Risk factors for internal stye

The following can increase your risk of developing a style:

  • Use cosmetics after their expiration dates.
  • She does not remove her eye makeup before going to bed.
  • Do not disinfect contact lenses before putting them on.
  • Change contact lenses without washing your hands thoroughly.
  • Teens tend to get styes more commonly, but people of any age can develop them.
  • Bad nutrition.
  • Sleep deprivation

If a family member has a style, the other residents should not share washcloths or face towels to minimize cross-infection.

Sometimes a stye occurs as a complication of blepharitis, an inflammation of the eyelids. Blepharitis is often caused by a bacterial infection but can sometimes be a complication of rosacea, an inflammatory skin condition that primarily affects the skin on the face.


A warm compress can be helpful in some cases of stye.

Most styes go away on their own without the need for any treatment. As soon as they break, the symptoms tend to improve quickly.

Don’t try to pop a stye yourself.

A warm compress held gently against the eye can help relieve symptoms. The water shouldn’t be too hot. Special care should be applied to another person, such as a child.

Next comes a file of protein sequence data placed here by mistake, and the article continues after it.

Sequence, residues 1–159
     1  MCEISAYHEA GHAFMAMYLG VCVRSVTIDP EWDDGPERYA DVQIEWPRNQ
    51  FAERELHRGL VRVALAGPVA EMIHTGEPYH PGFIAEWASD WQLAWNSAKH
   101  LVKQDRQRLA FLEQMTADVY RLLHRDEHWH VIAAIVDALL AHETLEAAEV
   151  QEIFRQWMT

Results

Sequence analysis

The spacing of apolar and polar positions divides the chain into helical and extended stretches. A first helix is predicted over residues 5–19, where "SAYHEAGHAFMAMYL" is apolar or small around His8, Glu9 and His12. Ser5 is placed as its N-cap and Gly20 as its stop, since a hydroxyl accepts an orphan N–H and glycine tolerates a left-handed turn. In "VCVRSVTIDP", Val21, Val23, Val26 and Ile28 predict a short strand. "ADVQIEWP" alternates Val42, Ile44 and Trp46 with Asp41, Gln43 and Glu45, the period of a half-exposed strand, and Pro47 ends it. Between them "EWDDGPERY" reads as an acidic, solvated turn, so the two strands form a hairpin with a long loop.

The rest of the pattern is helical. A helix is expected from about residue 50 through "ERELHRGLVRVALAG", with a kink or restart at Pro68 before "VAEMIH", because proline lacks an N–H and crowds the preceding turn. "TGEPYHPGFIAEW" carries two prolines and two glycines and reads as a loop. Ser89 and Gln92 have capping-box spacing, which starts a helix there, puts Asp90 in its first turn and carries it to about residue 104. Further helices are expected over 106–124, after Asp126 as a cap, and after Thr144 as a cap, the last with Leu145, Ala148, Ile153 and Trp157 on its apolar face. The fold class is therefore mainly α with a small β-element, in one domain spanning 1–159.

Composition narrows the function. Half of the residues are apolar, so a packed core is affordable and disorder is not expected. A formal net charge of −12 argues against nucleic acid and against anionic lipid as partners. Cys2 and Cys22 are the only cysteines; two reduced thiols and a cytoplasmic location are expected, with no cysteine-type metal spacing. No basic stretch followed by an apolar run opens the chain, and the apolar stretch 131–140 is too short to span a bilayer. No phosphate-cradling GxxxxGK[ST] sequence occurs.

The compress should be held against the eye for 5 to 10 minutes, three or four times a day.

The compress not only relieves discomfort it can also encourage drainage of pus. Once the pus has been used up, symptoms usually improve quickly.

Pain relievers such as ibuprofen or acetaminophen may be helpful if the style is particularly sore.

When an external stye is extremely painful, the doctor can remove the closest eyelash and drain the pus away with a fine needle. This procedure should only be carried out by a professional. If things do not improve, the patient may be referred to a specialist, for example, an ophthalmologist.

If the stye persists, your doctor may prescribe a topical antibiotic cream or eye drops. If the infection extends beyond the eyelid, oral antibiotics may be prescribed.

It is best not to apply eye makeup, lotions, or wear contact lenses until the stye is wholly gone.

Complications of the internal stye

Complications, although extremely rare, can sometimes occur.

These may include:

Meibomian cyst: it is a cyst of the small glands located in the eyelid. The glands discharge a lubricant, called sebum, on the edge of the eyelid. A persistent style on the inside of the eyelid can eventually turn into a meibomian cyst or chalazion, especially if the gland is blocked.

This type of cyst is efficiently and effectively treatable.

Preeptal or periorbital cellulitis: This can develop if the infection spreads to the tissue around the eye. The layers of skin around the eye become inflamed and red, causing the eyelids to become red and swollen. This is treated with antibiotics.

Although complications can occur, as mentioned above, most stye cases will clear up with minimal intervention.